He said it has come to his attention that the Council of Ministers (COM) had requested a postponement of the airport holding board’s action to dismiss CEO Brian Mingo after Mingo refused to resign as per the request of the holding board. He said the COM wanted to receive full communication from the holding board that due process was followed. “I have learned that the COM has received this information and they recommend to the holding board to move ahead and dismiss Mingo post-haste and the supervisory board should be next,” Emmanuel said.

MP Emmanuel said that the World Bank statements were ironic considering the person they are allegedly defending, can’t get a bidding exercise at the airport completed. He didn’t mince any words and stated that the airport is an ongoing scandal deserving of the attention of the prosecutor’s office and run by a cartel-like PJIA Supervisory Board (PJIAE). He added that he also has questions regarding the Royal Schiphol Group (RSG) and airport bondholders. He said he hopes Parliament convenes an urgent meeting at the airport soon to discuss this latest development and some other pressing matters at PJIA.

MP Emmanuel further pointed out that the cooperation agreement signed between PJIAE, PJIAH, Schiphol Nederland B.V., and the State of the Netherlands is about to expire and some parties are eager to renew. “Renew why? What has been accomplished in two years? We are in the same place we were two years ago with nothing happening at the airport with the same people from Schiphol on the board and a CFO from Schiphol as part of the managing team. Why should that agreement be renewed,” Emmanuel questioned.

“I’ve said it a million times. St. Maarten has the money and it can fund this reconstruction. The government has to let Airport Holding do its job and make it happen. Stop bending over backward for the World Bank and the Dutch. We have seen APS recently loan US $16 million to the marine sector. We cut civil servants’ salaries and benefits to save a measly $15 million. It means that the government never spoke to APS. And I have said it over and over again. Sit with your companies and get it done. That APS loan is a slap in the face to civil servants,” Emmanuel said.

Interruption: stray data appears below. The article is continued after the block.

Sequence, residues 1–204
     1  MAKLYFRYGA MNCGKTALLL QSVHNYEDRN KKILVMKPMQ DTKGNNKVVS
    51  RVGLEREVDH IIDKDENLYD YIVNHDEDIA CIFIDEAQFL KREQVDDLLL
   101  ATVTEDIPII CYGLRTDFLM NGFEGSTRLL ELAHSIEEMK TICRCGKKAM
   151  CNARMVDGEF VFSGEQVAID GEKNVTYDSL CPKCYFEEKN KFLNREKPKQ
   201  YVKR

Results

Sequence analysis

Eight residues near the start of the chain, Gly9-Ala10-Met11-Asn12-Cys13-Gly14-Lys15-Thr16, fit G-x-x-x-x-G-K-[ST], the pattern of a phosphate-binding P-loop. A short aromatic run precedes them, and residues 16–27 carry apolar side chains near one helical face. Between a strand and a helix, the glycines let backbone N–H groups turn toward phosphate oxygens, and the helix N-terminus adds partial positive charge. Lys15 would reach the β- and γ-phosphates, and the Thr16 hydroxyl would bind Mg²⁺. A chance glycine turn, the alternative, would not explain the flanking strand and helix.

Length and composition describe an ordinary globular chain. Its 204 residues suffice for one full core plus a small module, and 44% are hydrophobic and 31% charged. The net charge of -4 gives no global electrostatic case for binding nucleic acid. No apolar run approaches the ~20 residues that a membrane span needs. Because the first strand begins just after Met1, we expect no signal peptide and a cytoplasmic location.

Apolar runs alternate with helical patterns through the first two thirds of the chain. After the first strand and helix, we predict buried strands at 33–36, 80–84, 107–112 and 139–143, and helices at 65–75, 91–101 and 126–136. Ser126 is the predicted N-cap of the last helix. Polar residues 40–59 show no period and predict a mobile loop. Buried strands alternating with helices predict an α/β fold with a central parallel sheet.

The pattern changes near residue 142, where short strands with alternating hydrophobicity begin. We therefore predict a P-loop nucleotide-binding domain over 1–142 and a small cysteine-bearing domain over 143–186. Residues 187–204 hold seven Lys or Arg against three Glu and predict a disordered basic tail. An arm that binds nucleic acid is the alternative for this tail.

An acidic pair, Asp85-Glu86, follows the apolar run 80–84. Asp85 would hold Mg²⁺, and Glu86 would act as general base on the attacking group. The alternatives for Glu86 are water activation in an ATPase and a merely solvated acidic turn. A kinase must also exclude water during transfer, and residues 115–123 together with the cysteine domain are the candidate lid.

“The only thing the current board, its Dutch members, and the CEO have secured is a complete fleecing of the airport,” he said. To that end, the MP mentioned that the Dutch appointees at PJIA get paid luxury amounts in euros and allegedly do not pay taxes on St. Maarten. “Mind you, they get paid with airport money, but pay no taxes? Let’s not even get into the CEO and what he has gotten from the supervisory board in addition to his regular compensation. Let’s not get into what the CEO requested from the holding board if the latter wanted him to resign. It has been a complete fleecing of PJIA while the same CEO tells the PJIA employees he has no money for them,” MP Emmanuel said.

In this context, he disclosed that the total cost for the airport project external consultants reportedly amounts to over US $10 million per year, including US $237,000 for a Procurement Officer, US $234,000 for an Environmental Specialist, and US $345,000 for remediation supervision. “Perks include round trip tickets, housing, car allowance, and other allowances. Where is the solidarity with our people who are taking cuts to salaries while these people travel up and down and live tax-free? This is just the tip of the iceberg. It is scandalous and I intend to question all of it,” the MP said.

The MP also raised issues of what he termed “blatant conflicts of interest” at the airport with the Royal Schiphol Group (RSG) appointees, supported and empowered by the supervisory board. He explained that the RSG has an employee of RSG on the supervisory board. This same RSG employee votes and evaluates RSG contracts and evaluates other RSG employees or representatives at PJIA. Furthermore, the CFO of PJIA is also an RSG employee who evaluates RSG contracts with the supervisory board as well as RSG professionals and contractors attached to the airport. “So who exactly holds who accountable and critiques contracts and processes in the best interest of St. Maarten?” the MP asked.